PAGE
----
With a string of hits from star-producer Tom Cruise, whose recent films –- 2018's "Mission: Impossible – Fallout" and 2022's "Top Gun: Maverick" –- stand to be the actor's highest-grossing films in his career, it wasn't out of place to assume that the "Fallout" sequel, "Mission: Impossible – Dead Reckoning Part One," would match the box office returns of the aforementioned films.

However, the franchise's seventh entry was pitted for a dead reckoning with two other much-awaited summer releases — Christopher Nolan's "Oppenheimer" and Greta Gerwig's "Barbie." While "Dead Reckoning Part One" had all the signs of a summer blockbuster hit, including the near-perfect 99% critics score on Rotten Tomatoes with its early reviews, the film faced stiff competition from the "Barbenheimer" double feature in its second weekend. This was compounded by the face that "Oppenheimer" usurped all IMAX screens from "Dead Reckoning." 

Cruise was reportedly upset over "Dead Reckoning" losing its IMAX screens, which generally generate extra revenue for movies with their higher ticket prices. It was even reported that the star had taken dramatic steps to boost the film's box office numbers, like personally calling exhibitors to pitch why his film is a better fit for their screens, as opposed to the films of his rivals. Having grossed $522 million globally at the time of writing, Variety reported that the film's ongoing trajectory makes it unlikely for it to be profitable given its hefty $291 million budget.

The Flash

Unlike in the past few years, when superhero movies from both Marvel and DC topped the list of highest-grossing movies nearly every year, 2023 is one such year where the tables have completely turned. However, it would be an understatement to say that "The Flash's" flop was seen a mile away, given the film's messy production history. This includes the film's release being slowed down by several delays, its lead star Ezra Miller's many controversies, the film taking place in a cinematic universe whose reboot is imminent, and the consistent string of flops of previous DCEU films.

"The Flash" ended up being not just the biggest box bomb of 2023, but one of the biggest box bombs ever, with a projected loss of about $200 million for Warner Bros. Not even Tom Cruise's endorsement and new DC head James Gunn's praises for the film could save the film from its bomb, as middling reviews to "The Flash" chopped any legs the film had for the subsequent weeks at the box office. Adding the competition it faced from another multiversal adventure superhero movie — "Spider-Man: Across the Spider-Verse" — which received a much-better response, there was no coming back for "The Flash."

The near future for Warner Bros. isn't looking too bright either, with "Blue Beetle's" low box office projections and reports of negative reactions from the "Aquaman and the Lost Kingdom" test screenings. With this in mind, it's highly probable that all of DC's 2023 slate could result in an expensive year for the studio.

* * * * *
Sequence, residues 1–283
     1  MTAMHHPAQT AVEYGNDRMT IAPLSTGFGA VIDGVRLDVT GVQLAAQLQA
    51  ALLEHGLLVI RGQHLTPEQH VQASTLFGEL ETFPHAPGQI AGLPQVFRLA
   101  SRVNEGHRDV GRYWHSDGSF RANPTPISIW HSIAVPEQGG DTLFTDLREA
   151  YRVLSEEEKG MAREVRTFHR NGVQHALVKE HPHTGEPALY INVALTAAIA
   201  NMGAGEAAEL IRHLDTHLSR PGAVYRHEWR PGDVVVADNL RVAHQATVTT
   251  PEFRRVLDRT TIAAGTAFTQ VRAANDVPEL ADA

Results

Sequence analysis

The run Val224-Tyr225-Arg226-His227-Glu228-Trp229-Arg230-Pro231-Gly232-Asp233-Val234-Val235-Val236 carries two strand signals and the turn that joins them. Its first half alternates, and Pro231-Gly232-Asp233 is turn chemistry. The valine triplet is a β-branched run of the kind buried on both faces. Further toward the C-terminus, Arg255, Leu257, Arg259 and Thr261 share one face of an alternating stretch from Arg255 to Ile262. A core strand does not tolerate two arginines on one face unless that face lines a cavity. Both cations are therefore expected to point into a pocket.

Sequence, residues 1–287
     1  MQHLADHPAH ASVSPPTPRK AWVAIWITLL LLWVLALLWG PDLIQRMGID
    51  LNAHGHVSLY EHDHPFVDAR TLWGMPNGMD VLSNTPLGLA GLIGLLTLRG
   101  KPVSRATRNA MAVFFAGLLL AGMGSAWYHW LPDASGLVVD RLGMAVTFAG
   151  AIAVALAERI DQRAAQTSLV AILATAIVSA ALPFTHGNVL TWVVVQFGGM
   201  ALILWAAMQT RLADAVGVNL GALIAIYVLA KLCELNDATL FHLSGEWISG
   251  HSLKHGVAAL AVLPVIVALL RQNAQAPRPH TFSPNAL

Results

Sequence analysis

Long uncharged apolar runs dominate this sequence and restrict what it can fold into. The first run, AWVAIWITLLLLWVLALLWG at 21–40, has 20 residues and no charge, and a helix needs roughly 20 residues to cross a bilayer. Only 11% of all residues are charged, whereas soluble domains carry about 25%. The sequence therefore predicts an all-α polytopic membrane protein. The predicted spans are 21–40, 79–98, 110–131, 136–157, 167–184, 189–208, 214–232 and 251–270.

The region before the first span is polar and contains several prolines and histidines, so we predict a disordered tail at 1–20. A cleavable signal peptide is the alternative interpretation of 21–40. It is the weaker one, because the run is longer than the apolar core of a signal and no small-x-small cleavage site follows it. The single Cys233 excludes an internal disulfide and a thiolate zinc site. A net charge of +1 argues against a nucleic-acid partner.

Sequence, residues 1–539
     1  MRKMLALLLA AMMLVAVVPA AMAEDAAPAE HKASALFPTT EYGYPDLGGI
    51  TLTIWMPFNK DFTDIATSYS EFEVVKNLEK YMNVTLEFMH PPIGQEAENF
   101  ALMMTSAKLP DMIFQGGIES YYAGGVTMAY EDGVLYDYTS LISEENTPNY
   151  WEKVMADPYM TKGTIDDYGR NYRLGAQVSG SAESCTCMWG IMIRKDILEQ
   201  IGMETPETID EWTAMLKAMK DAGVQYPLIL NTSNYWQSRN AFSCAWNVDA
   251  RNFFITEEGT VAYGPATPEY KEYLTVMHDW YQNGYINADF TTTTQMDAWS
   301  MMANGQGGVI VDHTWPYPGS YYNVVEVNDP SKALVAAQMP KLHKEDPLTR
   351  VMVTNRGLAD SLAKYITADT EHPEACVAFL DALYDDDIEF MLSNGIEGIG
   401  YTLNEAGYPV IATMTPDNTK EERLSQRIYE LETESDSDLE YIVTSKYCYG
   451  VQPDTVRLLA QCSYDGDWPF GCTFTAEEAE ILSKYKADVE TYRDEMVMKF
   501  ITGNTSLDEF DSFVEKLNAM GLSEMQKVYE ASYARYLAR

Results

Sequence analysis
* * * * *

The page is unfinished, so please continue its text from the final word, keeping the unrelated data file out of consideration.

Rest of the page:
Here's a rare case about how a film can underperform theatrically, and yet be not a problem for its makers. "Air," the movie about how Nike courted basketball legend Michael Jordan into being the face of the brand, grossed a total of $89 million during its one-month theatrical run on a $90 million budget. This excludes marketing costs, which are estimated to be between $40-50 million. Those numbers would traditionally signal a box office bomb if "Air" was a solely theatrical movie. But the film being primarily an Amazon Prime streaming exclusive that happened to receive a theatrical release makes it a unique case, considering that the streaming giant wasn't counting on box office earnings to secure the film's profitability.

Additionally, considering how original movies that aren't based on existing IPs are doing in a post-pandemic box office landscape, the film actually performed quite well in pulling people into theaters to watch it. This is despite the fact that everyone knew the film was going to stream on Prime Video just a few weeks later. It's the same reason why most of Disney's animated movies haven't been doing well commercially, since audiences can expect to watch the same film on Disney+ in the comfort of their homes and save on ticket costs.

Plus, giving "Air" a theatrical release likely helped Amazon Studios recoup the production cost of the film. And it's likely that the studio recouped the film's marketing costs after streaming it on Prime Video, given that the film has received good viewership ratings on the streaming platform.